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Galloping to the Rescue
LINN COUNTY, IA (CBS2/FOX28) Over the last 20 years, the number of horses owned in the United States has increased by a third. That means that some of those animals live on overcrowded farms and are neglected or outright abused. But a group of people in Linn County are working to nurse those abused horses back to health.
The Iowa Equine Rescue and Awareness League say the problem starts with Iowa laws that classify horses as livestock. That might have been more accurate in the middle of the last century but now, horses are more likely companion pet, but the law doesnt protect them that way.
"We just go in and just check on basics, if they have food and if they have water, said the Iowa Equine Rescue and Awareness League President Karla Sibert. That's the only thing you can really nail them on."
That means the level of neglect has to be extreme before anyone steps in.
"Horses are considered property, said Sibert. Everybody in the state of Iowa is allowed to own property. So it's very hard to remove property from someone."
When local law enforcement does remove horses from a location, Karlas group provides the care needed. Thats what happened with Dale Martinsons adopted horse, Grace.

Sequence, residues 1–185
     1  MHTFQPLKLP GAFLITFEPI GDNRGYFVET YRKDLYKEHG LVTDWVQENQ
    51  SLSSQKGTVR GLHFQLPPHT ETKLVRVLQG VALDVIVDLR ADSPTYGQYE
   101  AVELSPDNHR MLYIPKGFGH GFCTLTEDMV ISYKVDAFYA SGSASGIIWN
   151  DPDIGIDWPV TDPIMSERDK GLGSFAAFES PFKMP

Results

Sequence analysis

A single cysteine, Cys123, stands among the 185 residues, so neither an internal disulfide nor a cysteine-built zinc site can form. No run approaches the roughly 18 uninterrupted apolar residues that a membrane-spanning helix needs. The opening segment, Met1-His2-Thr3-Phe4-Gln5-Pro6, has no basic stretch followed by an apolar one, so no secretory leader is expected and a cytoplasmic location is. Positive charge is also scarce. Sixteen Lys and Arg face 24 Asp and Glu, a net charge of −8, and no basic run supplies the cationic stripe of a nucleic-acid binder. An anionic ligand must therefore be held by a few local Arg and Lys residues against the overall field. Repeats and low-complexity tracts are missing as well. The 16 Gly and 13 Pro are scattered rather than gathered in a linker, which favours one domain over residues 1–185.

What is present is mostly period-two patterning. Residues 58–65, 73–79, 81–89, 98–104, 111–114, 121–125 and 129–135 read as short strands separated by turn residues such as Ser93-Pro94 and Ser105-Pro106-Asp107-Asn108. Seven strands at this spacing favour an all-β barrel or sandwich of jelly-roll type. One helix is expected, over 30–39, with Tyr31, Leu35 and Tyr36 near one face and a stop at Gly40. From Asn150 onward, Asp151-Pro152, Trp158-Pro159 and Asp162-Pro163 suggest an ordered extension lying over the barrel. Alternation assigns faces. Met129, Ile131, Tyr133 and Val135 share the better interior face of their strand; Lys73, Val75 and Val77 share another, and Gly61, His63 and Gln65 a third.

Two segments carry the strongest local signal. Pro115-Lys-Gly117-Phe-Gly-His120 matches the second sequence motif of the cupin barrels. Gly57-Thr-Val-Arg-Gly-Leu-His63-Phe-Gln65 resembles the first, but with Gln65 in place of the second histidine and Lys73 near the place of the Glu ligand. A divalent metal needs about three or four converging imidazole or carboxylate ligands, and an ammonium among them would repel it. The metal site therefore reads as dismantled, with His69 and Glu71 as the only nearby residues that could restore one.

"It is a great pleasure to know that people want something that someone threw away basically, said Martinson.
Under Martinsons care, Grace has thrives. Shes not only healthy but has also won a handful of ribbons.
"There has been so many offers to buy her and I will never ever give her up, said Martinson.
Including the Adult Open Awards Show Program for the Iowa Quarter Horse Association.
"So she won herself a nice little belt-buckle for that. I like to say it's my belt-buckle but in all honesty, it's her's, said Martinson.
Without Karla and Dales help, its better not to think about what might have happened to Grace. But for all theyve done for her, she returns the favor.
"There is nothing bigger that makes me burst with pride when someone comes up to me and admires her and I can say she was a rescue horse, said Martinson.
Sibert and Martinson say its important to keep the location of the horses a secret since the former owners might try to steal the horses back.